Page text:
Top 8 tips for choosing a classic car restoration professional

12 May, 2015

Handy tips and hints for those planning on having their car professionally restored

Although many classic car enthusiasts prefer a hands-on approach to restoring their cars, this is not always possible. A lack of spare time or simply a lack of skills may prevent a home restoration. If this is the case, then the only way forward may be a professional restoration.

Although not the cheapest option, having your car fully restored from top to toe by professionals does have benefits and, of course, a reputable workshop will always guarantee their work. If you do choose to follow this path, a single company might be assigned to restore the entire car or, alternatively, separate companies could undertake individual tasks — such as panel and paint or interior and mechanical.

Assuming you have already found a suitable project car, here are a few handy tips for picking a suitable professional: 

1. Inspection

When selecting a professional restorer it pays to inspect some of their previous work. Most restoration shops will have extensive photographs of projects that they have completed and, while it’s useful to see these photos, it’s even more useful if you can actually see the cars themselves — that way you can also talk to the owners and gather useful information on the restoration company. 

2. Check locally

There are advantages to picking a local restoration company — it’ll be easy to visit them to check up on progress. However, having said that, sometimes it pays to pick the best possible workshop, regardless of location, especially if they have specialist knowledge that applies to your car. Reputable restoration companies can provide photographic reports, so it is possible to monitor progress.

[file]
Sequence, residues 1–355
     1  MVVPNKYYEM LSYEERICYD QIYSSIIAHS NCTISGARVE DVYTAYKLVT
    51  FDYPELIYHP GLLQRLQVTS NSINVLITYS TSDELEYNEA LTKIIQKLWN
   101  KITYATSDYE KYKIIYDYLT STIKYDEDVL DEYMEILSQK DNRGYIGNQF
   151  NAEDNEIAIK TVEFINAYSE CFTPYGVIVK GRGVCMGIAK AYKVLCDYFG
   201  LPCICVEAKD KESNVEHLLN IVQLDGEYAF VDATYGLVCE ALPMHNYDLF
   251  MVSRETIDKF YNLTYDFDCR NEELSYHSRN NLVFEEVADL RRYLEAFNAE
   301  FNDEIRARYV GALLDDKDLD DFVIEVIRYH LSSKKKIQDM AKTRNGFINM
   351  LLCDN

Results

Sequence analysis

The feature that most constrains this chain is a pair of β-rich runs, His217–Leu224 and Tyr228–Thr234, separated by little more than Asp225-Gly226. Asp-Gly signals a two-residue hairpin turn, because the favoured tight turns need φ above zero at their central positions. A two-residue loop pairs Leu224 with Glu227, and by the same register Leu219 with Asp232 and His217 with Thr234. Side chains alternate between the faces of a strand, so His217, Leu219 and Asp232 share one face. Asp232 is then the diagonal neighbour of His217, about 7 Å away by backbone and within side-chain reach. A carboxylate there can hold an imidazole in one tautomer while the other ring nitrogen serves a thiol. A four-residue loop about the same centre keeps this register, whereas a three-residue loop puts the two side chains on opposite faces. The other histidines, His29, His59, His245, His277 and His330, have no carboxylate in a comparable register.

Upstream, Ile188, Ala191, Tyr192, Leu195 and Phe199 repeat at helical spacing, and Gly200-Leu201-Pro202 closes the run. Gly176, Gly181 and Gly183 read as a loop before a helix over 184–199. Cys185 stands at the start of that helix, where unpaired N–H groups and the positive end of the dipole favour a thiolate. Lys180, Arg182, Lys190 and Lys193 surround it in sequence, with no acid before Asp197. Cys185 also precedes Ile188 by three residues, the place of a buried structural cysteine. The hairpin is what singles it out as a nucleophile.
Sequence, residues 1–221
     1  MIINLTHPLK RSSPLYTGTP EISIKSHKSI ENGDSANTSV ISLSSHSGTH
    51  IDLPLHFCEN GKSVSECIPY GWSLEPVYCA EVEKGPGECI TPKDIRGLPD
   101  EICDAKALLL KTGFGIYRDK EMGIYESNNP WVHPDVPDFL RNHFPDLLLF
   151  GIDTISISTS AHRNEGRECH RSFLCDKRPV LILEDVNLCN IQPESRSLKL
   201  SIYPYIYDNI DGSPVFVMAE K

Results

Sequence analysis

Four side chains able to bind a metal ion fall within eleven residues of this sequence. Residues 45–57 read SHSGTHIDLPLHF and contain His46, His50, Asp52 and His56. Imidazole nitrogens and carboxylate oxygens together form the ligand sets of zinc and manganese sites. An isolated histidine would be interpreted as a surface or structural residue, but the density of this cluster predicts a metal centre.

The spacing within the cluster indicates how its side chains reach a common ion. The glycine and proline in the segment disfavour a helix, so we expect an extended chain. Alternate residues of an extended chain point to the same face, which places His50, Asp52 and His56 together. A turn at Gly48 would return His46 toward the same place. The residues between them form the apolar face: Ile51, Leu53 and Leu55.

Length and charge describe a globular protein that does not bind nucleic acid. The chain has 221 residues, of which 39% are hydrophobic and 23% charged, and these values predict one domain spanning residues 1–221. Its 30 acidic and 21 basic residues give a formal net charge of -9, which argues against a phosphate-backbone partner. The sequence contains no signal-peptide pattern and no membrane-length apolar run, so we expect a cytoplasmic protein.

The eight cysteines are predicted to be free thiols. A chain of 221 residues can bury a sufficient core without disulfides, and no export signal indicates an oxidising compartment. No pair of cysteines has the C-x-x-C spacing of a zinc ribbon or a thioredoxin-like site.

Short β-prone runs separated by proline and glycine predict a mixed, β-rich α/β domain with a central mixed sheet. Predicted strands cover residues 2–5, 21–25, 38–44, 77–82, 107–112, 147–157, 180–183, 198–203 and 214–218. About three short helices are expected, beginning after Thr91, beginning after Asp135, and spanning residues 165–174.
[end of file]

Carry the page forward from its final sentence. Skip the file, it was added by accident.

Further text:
3. Check before you buy

Once you have chosen a professional company,  the first step will always be a thorough evaluation of your car — in many ways, it can be to your advantage to select a workshop prior to finally buying a project car; in that way the restoration company can check before you buy. Manage your project in that manner and you may save yourself money later on.

4. Professional inspection

Having said that, evaluating a suitable project car is not always a straightforward procedure. We’ve seen many classic cars, which look great but, on further inspection, are full of rot and rust. A professional inspection will reveal this type of damage. However, don’t expect a proper inspection to be free — it could involve partially dismantling some areas of the car. If you proceed with the restoration, any inspection costs will be covered but if you decide not to proceed expect to pay for this inspection. In some cases the damage will be very noticeable, although, of course, restoration costs could be higher for such a vehicle.

5. Talk to the owners